Client Story: Christopher Swann’s new book, “Sea of Dreams”


I received the most beautiful book through the post today Its by Photographer Christopher Swann and called “Sea of Dreams”. It covers the subject of Whales, dolphins and wildlife of Baja California. 450 pages of superb photography, illustrations and insightful text. ISBN: 978-1-7396721-0-2.

Tipping the scales at well over 3.3KG (the limit of my scales!) it is superbly printed and has to be considered the most in depth and beautiful interpretation of its subjects.

My work on the project was to help translate the more problematic underwater RGB files that often struggle to appear their best when printed in CMYK. I used all the options in my specialist toolbox to bring out the true brilliance in the images. I also worked on selected topside images to enable them to print smoothly across double page spreads.

Swanny is a very modest man but his work seen through this book is simply superb. I am very fortunate to work with one of the very best marine life photographers in the world, we share a desire to translate life to the page and are prepared to go through some pains to acheive it.

Thank you Swanny!

AI Generated Images – ethics, copyright and fun.

I took the image on the left in the 1980s and submitted it to the Tony Stone Photo library (later Getty Images). The images on the right are generated on my computer using the Stable Diffusion program with the text string “big ben clockface high resolution golden light dark sky dslr medium format highly detailed”

The image on the left was captured on film on location in Parliament square, the images on the right were generated by a program that used an algorithm to process  such “real life images” and extract from them a sense of what the clock face is and without copying pixels recreate new images. I don’t know if my picture was one of the millions of web images processed in order to train the AI but I doubt that permission to use images in this way was granted by the photographers.

Getty Images announced that they will not represent images generated by AI on its sales platforms for this very reason, neither the source images were likely licensed and the output from these AI programs likely copyrightable. Getty clients are of course free to generate their own AI images but may run into trouble if their work then becomes public domain and a new message attached.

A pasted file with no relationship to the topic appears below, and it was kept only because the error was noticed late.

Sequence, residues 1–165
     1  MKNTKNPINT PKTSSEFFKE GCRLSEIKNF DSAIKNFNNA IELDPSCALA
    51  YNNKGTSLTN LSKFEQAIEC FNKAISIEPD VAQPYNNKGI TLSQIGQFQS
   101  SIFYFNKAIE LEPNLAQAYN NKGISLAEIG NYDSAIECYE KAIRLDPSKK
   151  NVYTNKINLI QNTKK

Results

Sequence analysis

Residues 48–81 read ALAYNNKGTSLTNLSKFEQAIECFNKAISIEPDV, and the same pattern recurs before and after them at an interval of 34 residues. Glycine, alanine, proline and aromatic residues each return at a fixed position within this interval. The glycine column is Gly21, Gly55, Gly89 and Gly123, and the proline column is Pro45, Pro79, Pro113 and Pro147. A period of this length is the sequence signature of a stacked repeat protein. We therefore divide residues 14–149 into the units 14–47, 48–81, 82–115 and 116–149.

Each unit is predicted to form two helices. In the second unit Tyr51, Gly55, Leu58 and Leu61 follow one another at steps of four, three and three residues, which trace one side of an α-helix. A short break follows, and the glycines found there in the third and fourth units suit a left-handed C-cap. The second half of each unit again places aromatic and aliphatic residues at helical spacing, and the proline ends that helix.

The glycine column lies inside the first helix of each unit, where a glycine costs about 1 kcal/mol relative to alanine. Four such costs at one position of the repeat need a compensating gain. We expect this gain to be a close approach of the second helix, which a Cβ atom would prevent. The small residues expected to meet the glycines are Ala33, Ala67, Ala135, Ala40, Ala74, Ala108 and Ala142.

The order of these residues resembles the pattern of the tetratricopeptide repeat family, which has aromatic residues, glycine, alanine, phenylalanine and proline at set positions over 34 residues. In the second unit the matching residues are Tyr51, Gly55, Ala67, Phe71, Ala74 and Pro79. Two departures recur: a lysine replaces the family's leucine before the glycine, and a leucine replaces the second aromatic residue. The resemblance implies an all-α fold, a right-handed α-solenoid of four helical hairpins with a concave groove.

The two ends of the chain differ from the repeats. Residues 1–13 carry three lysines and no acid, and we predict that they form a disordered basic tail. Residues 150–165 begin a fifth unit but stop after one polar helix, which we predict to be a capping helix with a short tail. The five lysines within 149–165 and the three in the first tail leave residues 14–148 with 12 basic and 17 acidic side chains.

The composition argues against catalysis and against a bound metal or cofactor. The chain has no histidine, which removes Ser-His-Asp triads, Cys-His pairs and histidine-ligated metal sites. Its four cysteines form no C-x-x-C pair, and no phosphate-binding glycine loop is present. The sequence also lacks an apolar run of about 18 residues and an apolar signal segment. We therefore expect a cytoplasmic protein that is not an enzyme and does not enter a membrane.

Some of the images generated were more like my photograph but they always came out kind of “strange”, not quite right. What I found more interesting was the mistakes (like the above images), the results of a fever dream or using a consciousness altering drug.

I’m reminded of a scene in the 1980 film “Fame”, in which the tutor (Shorofsky) and his student have this conversation:

Shorofsky : One man is not an orchestra.

Bruno Martelli : Who needs orchestras? You can do it all with a keyboard, an amp and enough power.

Shorofsky : You going to play all by yourself?

Bruno Martelli : You don’t need anybody else.

Shorofsky : That’s not music, Martelli. That’s masturbation.

What I think Shorofsky is getting at here is that a piece of classical music played by an orchestra is made up of humans responding to each other. Each player and their instrument are following and reacting with the conductor and others to create something unique and subtle, a synth can only play samples  and does not have this human dynamic.

I would equate ethical photography to playing in an orchestra, an individual photographer interacts with the scene in front of them, they respond to the subject and the subject to them, they move around a scene and frame to find the light and the moment that comes together to make the image meaningful.

Ethical photography depends on honesty, introduce or remove elements (either in real life or in photoshop) and suddenly that nature is tainted, introduce AI generated elements and the integrity is compromised completely.

The counter view:

Use the same synthesiser and create new kinds of music (Kraftwerk / Brian Eno) and suddenly something new and interesting is created. I like the way AI images give us a fresh take on things, I like the “mistakes” stable diffusion and other AI systems make. Is it Photography? – no, not in a million years. Does it have a use? perhaps!




Client story: BBC Frozen Planet II

Nice delivery through the post yesterday. My work on preparing the stills and video captures from the BBC Production of David Attenborough’s Frozen Planet II series had arrived in book form.

I worked on 171 images from still cameras and 67 video grabs to provide a consistent, natural and ethical set of images suitable for repro.
Having watched the first episode on BBC iPlayer last night ( I was pleased to see that the images in the book correlated well with the equally natural grading in the video source.

I watched the program on a recent Sony Bravia TV with HDR (High dynamic range) enabled, the pictures were stunning. Ink on paper offers only a tiny fraction of the dynamic range of HDR so when preparing the files I used my knowledge of the CMYK repro process to ensure that I made the best possible files for the book. You can find out more about the book here:

I first started work on BBC Wildlife books in 2011 when I worked on the original Frozen Planet book, quite a ride! The problem I solved was to make images from multiple sources more cohesive by correcting colour casts, tone and contrast, noise and sharpness issues on a per picture basis before conversion to CMYK. This resulted in much better and consistant repro than if corrections were done on the printing press. Adjusting images on press nearly always degrades other images on the same sheet and cannot fix colour within colour or sharpness and noise issues at all.